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Fraternal twins are an open secret in the automotive world. This is especially true in the modern age, where platform sharing is needed to help defray the huge costs of bringing a new vehicle to market. Want a certain luxury SUV, but not sure you can afford it? Well, a more affordable brand may offer a vehicle with the same bones.

Despite the ubiquity of this practice, platform sharing can come as a surprise to anyone looking for a good performing bargain that has seen its value plummet simply because it has the wrong badge.

It’s a story of vehicular superheroes and their secret identities. Here are our picks for suit cars that give you more bang for your buck than vehicles already considered modern classics, or allow you access to more rarefied air than the rest of the pack craves.

A 2003 Nissan 350Z Coupe.


The superhero: Nissan 350Z Coupe 2003-2008

When the Nissan 350Z first arrived for the 2003 model year, it represented a return to form for an automaker that had been out of the pure sports car game in North America for half a decade. The two-seat 350Z was a stark contrast to the 300ZX that preceded it, eschewing the big turbo power and bulky grand touring dimensions for a return to the (relatively) lightweight chassis and naturally aspirated six-cylinder engine that had initially defined the model.

Power output started at 287 horsepower in early models, with a revised “Rev-Up” engine introduced for the 2005 35th Anniversary Edition cars (and fitted by all 2006 and later models) pushing that figure to 306 hp for some trim levels. These numbers apply to six-speed manual cars, as the automatics are stuck with the least aggressive engine setting.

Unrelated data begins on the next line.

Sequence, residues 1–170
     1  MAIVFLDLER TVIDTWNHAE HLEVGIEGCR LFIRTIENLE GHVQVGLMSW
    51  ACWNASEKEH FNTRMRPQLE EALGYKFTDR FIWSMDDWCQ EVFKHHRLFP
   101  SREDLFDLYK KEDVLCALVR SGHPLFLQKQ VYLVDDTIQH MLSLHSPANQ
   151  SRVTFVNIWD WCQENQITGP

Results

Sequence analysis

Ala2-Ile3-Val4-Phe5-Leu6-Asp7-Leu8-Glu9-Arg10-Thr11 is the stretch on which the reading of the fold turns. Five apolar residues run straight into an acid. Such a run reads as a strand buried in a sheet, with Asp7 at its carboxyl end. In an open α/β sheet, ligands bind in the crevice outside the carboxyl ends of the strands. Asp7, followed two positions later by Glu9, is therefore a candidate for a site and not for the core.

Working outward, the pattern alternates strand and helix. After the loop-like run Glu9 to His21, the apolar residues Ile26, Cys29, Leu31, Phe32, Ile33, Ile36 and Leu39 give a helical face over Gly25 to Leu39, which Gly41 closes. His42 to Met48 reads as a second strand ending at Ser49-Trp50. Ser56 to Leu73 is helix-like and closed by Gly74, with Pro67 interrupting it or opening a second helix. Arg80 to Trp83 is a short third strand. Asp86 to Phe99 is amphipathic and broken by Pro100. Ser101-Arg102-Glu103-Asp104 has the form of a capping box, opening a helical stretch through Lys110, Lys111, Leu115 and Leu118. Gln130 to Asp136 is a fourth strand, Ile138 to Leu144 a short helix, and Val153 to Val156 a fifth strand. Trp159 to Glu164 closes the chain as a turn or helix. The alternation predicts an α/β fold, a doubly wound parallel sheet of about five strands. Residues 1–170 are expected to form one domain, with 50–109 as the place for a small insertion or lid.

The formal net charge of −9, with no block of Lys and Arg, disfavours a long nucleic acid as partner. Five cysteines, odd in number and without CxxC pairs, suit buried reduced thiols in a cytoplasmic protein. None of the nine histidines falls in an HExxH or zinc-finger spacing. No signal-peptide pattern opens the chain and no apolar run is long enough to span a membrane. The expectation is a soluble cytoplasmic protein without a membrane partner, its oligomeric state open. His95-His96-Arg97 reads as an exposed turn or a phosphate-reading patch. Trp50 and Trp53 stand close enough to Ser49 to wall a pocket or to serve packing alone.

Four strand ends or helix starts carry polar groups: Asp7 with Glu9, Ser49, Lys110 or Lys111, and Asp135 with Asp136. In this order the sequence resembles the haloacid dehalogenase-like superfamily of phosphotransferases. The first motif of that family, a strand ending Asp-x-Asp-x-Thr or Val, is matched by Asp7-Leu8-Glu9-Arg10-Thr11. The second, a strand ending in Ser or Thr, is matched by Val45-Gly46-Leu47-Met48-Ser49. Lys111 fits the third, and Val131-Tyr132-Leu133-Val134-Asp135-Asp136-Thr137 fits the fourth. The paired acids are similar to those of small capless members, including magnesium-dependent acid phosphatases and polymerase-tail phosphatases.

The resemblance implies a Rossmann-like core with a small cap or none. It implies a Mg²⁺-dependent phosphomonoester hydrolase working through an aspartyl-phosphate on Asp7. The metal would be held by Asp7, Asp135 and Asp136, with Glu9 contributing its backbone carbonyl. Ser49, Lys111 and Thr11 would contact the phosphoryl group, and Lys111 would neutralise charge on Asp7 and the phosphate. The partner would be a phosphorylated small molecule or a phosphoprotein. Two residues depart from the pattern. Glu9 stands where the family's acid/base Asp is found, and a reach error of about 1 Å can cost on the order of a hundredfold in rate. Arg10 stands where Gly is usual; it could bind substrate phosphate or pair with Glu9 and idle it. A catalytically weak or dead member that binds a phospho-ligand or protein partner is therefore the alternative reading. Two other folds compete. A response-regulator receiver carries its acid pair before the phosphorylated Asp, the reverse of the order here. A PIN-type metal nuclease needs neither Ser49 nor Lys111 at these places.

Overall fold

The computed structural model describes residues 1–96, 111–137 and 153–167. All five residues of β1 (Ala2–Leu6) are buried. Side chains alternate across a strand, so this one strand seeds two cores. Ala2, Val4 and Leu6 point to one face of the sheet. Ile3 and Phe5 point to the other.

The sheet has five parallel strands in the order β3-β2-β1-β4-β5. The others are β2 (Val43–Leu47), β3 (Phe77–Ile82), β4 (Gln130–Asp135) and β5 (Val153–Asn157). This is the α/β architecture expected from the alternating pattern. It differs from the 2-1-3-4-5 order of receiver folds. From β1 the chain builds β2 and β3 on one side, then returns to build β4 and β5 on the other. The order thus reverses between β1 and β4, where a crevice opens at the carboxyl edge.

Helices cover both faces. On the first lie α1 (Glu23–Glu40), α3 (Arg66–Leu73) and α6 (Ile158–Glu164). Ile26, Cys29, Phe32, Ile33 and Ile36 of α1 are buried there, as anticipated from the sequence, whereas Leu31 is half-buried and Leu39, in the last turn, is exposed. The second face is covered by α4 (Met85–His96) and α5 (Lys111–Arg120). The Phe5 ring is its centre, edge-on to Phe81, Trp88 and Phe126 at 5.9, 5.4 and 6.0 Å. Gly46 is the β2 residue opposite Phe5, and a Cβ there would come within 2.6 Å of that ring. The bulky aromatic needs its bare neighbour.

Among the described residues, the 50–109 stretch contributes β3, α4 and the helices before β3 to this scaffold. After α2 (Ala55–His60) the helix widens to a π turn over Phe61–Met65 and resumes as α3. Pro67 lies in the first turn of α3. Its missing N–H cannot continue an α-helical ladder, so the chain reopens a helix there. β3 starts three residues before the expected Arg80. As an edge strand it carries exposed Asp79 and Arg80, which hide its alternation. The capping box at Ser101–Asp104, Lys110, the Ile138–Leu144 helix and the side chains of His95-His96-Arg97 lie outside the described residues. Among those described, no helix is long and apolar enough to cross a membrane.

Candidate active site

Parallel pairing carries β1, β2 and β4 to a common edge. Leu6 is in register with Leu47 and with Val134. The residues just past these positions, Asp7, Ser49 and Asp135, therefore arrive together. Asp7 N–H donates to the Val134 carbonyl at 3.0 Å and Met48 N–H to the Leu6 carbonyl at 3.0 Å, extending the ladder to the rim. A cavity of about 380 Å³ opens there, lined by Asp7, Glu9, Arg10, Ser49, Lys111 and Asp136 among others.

A red 2006 Infiniti G35 Coupe

A 2006 Infiniti G35 Coupe.


The Secret Identity: 2003-2007 Infiniti G35 Coupe

Nissan’s luxury division has its own version of the 350Z, the G35 Coupe. Rolling on the same FM platform and benefiting from a very similar drivetrain, the G35 coupe added a rear seat to the equation with a bit less aggressive styling that has aged well in the years since. With 280 horsepower on tap for 2003 and 2004, and up to 306 ponies available thereafter (again, for six-speed manual cars), the G35 was a solid straight-line performer, and with only a few hundred pounds of extra mass over the Z, it also held its own in the corners.

Why do you want it

The Nissan 350Z sees its values ​​rise, with first-year cars fetching just under $32,000 for museum-quality examples and special-edition NISMO models hitting the $55,000 mark. Even cars in “excellent” condition are now trading above $20,000 as the drifting scene continues to chew up the most affordable survivors left in the used-car market.

The G35 has seen far less impact from would-be vagabonds, and as such it’s still very affordable. Prices for manual-equipped editions hover around $10,000, and if you pay a few thousand more, you might end up driving home the finest Infiniti of that particular model year. The car also shares spare parts availability with the 350Z, meaning you can take full advantage of the range of high-performance equipment offered for the Nissan. While it may lack the Z car heritage, from a driving perspective the G35 Coupe is an almost identical twin with a much nicer interior, all at a great value.

A 2008 Dodge Challenger SRT8 muscle car in orange and black

A 2008 Dodge Challenger SRT8.